Wiimote Controlled RPi Robot

Wiimote RPi Robot

[Brian] has brought together a powerful collection of hardware to build a robot. The end goal is to have a robot that’s controlled by a Wiimote.

The Wiimote communicates over Bluetooth with a Raspberry Pi, which is running a Python script. This script uses the CWiid Python module to communicate with the controller, and [Brian] has detailed instructions on getting the Wiimote working with a RPi. The RPi controls an ATmega based development board over SPI, which drives an h-bridge to control the two DC motors that move the robot.

[Brian]’s code for this could be helpful for anyone looking to control their RPi with a Wiimote. Since Wiimotes and Bluetooth dongles are fairly cheap nowadays, this is a great way to drop in wireless control to any RPi project, or even to control your media center from the couch.

After the break, check out a video of the build in action

24 thoughts on “Wiimote Controlled RPi Robot

  1. Can someone explain why this wasn’t implemented entirely on the RPi without the secondary ATMeaga board? I was under the impression that the RPi board has more than enough processing power to provide PWM. This seems like a bit of an odd way to go about things..

    1. Found this in another post:

      “Since the Raspberry doesn’t have the number of PWM signals I need to control i’m going to do so through SPI.”

      Perhaps for additional I/O as well? I was under the impression that the RPi had more general I/O than that.

    2. I think what’s missing here is an overview of the general goals of the project. There doesn’t seem to be any description of the purpose, or exactly *why* more GPIO pins are needed. Without this info, it just seems like overkill. ;)

    3. IT might be down to timing issues. Linux is not ‘real time’ this can either mess up the functionality of some things that are timing critical, or require a lot more coding complexity to make sure nothing interrupts the time critical code.

      The AVR is bear metal work, so it’s a lot easier to keep timings accurate, and just pass the data back and forth via the hardware level controllers (SPI in this case).

      1. The timing issue is interesting. I wonder if this has been properly tested. Does the timing depend on the amount of processing the RasPi is doing, or is it always a problem? What time scale are PWM signals on?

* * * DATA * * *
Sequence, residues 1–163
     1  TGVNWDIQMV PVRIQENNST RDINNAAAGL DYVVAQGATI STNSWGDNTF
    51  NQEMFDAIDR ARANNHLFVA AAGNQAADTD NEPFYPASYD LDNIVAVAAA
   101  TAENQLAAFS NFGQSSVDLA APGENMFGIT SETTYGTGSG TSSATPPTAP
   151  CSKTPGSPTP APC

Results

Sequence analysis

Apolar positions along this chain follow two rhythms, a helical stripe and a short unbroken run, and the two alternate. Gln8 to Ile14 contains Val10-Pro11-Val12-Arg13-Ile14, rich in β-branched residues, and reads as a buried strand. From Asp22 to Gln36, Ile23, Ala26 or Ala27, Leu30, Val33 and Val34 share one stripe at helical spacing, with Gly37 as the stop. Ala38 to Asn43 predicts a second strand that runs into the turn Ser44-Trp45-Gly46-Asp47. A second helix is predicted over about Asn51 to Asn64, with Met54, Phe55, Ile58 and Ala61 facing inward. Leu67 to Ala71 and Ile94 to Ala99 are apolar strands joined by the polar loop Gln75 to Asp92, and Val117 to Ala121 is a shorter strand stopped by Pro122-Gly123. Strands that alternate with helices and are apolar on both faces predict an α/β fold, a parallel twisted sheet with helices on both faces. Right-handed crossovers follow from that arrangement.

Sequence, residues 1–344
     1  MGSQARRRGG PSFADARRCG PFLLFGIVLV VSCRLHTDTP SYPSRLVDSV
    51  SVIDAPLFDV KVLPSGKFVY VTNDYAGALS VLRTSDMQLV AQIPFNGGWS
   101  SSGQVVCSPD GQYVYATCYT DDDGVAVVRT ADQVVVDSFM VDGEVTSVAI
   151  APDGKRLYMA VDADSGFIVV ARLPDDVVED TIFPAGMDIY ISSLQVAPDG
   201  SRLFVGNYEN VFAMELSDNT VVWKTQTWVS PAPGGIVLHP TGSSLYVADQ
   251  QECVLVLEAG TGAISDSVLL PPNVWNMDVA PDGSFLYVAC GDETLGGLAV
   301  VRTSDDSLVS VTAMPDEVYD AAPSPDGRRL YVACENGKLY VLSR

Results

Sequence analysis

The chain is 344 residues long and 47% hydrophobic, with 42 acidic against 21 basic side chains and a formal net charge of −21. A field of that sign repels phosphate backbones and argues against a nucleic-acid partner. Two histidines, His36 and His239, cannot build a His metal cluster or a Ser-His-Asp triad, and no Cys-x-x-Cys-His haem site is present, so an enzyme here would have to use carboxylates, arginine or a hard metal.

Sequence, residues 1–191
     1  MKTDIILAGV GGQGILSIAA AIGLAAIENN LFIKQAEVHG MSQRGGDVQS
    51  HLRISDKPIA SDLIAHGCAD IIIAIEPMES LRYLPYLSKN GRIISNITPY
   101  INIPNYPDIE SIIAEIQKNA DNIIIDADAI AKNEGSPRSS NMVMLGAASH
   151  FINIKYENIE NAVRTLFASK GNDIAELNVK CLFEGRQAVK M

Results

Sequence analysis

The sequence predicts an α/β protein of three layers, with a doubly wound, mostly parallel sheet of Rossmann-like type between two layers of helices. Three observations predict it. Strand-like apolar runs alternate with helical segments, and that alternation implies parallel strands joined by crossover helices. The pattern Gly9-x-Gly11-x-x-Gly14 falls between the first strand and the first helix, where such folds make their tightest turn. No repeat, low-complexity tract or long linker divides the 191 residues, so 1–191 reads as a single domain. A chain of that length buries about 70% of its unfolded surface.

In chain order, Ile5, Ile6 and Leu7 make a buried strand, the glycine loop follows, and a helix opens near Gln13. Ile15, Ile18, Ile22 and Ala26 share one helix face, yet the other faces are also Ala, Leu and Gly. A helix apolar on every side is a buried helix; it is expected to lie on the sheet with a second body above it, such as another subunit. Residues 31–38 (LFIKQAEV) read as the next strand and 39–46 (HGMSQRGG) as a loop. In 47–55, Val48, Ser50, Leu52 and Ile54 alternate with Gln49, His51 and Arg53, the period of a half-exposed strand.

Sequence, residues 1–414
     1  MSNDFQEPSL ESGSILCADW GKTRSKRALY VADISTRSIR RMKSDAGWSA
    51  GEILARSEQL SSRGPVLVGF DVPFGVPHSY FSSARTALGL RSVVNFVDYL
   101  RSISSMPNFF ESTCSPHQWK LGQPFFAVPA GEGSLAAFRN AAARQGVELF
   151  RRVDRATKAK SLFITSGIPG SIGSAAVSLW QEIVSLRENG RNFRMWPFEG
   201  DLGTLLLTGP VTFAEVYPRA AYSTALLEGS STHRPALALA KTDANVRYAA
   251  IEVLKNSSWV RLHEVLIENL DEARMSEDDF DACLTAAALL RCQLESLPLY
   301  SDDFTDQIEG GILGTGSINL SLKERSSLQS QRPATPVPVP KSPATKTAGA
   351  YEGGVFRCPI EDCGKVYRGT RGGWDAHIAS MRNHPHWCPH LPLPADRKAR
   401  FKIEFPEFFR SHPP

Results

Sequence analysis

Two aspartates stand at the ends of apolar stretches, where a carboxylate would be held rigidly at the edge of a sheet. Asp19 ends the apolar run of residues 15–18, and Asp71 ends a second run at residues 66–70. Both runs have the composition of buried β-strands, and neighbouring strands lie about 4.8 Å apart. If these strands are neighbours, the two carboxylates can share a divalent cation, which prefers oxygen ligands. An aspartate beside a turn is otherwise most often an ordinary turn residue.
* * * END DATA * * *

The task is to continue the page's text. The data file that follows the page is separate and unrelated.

2. i use a wiimote for my raspi XBMC XP

    but to someone elses comment can the raspi even do software PWM?
    i thought the os was *insert word im thinking of for read-do-read-do here* and cant do tasks like that

    1. It can, but since it has to do it in software, it decreases the amount of CPU left over for other tasks. An additional MCU is very inexpensive, so there’s no compelling reason not to use one to perform realtime tasks so you don’t have to do it through brute force on the Raspi — leaving it unloaded to perform any intensive processing tasks you might have in mind.

      1. Yeah i never found any trouble with hooking up an arduino or atmega32 and the SPI buss … or even USB tho i have not yet played with that
        especially because i have the suspicion the software PWM might be unstable … thinking about the dynamic scaling of the CPU and background tasks … afterall if i was not after heavy background tasks i would not have used a f**king computer XP

  3. I was wondering if this could be done with simple continuos rotation servos that have a built in h-bridge? I have a model b pi and cant wait to do some stuff with it

      1. An AVR with the Arduino boot loader is $5.50+shipping from sparkfun. Add another $1 for a crystal and you’ve got an easy to program component that can handle all the real time work you might need. (https://www.sparkfun.com/products/10524)

        I understand the desire to keep it cheap, however sometimes it make more sense to use the right tool for the job rather than try to brute force something.

        I can’t tell you how many times I’ve spent hours and hours trying to hack something together just to save a few dollars only to end up with something that doesn’t work quite right.

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